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Bacterial contamination of healthcare workers' uniforms: a randomized controlled trial of antimicrobial scrubs.

Burden M; Keniston A; Frank MG; Brown CA; Zoucha J; Cervantes L; Weed D; Boyle K; Price C; Albert RK
J Hosp Med 2013 Jul; 8(7):380-385
BACKGROUND: Healthcare workers' (HCWs) uniforms become contaminated with bacteria during normal use, and this may contribute to hospital-acquired infections. Antimicrobial uniforms are currently marketed as a means of reducing this contamination. OBJECTIVE: To compare the extent of bacterial contamination of uniforms and skin when HCWs wear 1 of 2 antimicrobial scrubs or standard scrubs. DESIGN: Prospective, randomized, controlled trial. SETTING: University-affiliated, public safety net hospital. PARTICIPANTS: Hospitalist physicians, nurse practitioners, physician assistants, housestaff, and nurses (total N = 105) working on internal medicine units. INTERVENTION: Subjects were randomized to wear standard scrubs or 1 of 2 antimicrobial scrubs. MEASUREMENTS: Bacterial colony counts in cultures taken from the HCWs' scrubs and wrists after an 8-hour workday. RESULTS: The median (interquartile range) total colony counts was 99 (66-182) for standard scrubs, 137 (84-289) for antimicrobial scrub type A, and 138 (62-274) for antimicrobial scrub type B (P = 0.36). Colony counts from participants' wrists were 16 (5-40) when they wore standard scrubs and 23 (4-42) and 15 (6-54) when they wore antimicrobial scrubs A and B, respectively (P = 0.92). Resistant organisms were cultured from 3 HCWs (4.3%) randomized to antimicrobial scrubs and none randomized to standard scrubs (P = 0.55). Six participants (5.7%) reported side effects to wearing scrubs, all of whom wore antimicrobial scrubs (P = 0.18). CONCLUSIONS: We found no evidence that either antimicrobial scrub product decreased bacterial contamination of HCWs' uniforms or skin after an 8-hour workday.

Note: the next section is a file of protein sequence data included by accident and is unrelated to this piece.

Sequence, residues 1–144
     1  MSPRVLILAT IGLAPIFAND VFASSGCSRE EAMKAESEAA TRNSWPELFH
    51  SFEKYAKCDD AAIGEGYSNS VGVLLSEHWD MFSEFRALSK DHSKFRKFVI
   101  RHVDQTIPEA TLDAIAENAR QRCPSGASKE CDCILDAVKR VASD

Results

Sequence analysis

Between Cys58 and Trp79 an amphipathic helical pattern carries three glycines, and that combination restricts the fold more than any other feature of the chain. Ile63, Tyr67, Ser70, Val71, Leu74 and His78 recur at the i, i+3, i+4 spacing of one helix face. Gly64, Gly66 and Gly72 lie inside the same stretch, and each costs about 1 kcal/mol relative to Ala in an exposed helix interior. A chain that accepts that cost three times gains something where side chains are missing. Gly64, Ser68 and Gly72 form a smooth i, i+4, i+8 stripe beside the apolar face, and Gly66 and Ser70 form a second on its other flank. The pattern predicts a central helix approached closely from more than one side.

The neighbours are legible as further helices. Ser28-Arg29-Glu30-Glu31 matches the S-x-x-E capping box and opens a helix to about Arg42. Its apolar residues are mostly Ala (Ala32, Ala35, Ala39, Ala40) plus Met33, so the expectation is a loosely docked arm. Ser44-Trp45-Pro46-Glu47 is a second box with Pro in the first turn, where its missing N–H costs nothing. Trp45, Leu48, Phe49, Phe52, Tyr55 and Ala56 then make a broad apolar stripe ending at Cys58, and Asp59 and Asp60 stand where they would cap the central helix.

Health-care-personnel; Bacteria; Bacterial-dusts; Clothing; Medical-personnel; Nurses; Protective-clothing; Bacterial-infections; Infection-control; Antibacterial-agents; Skin-exposure; Employee-exposure; Physicians; Surgeons; Bacterial-cultures; Microorganisms
Marisha A. Burden, MD, Denver Health, 777 Bannock, MC 4000, Denver, CO 80204-4507
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Journal Article
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Journal of Hospital Medicine
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University of Colorado, Denver
Page last reviewed: June 15, 2021
Content source: National Institute for Occupational Safety and Health Education and Information Division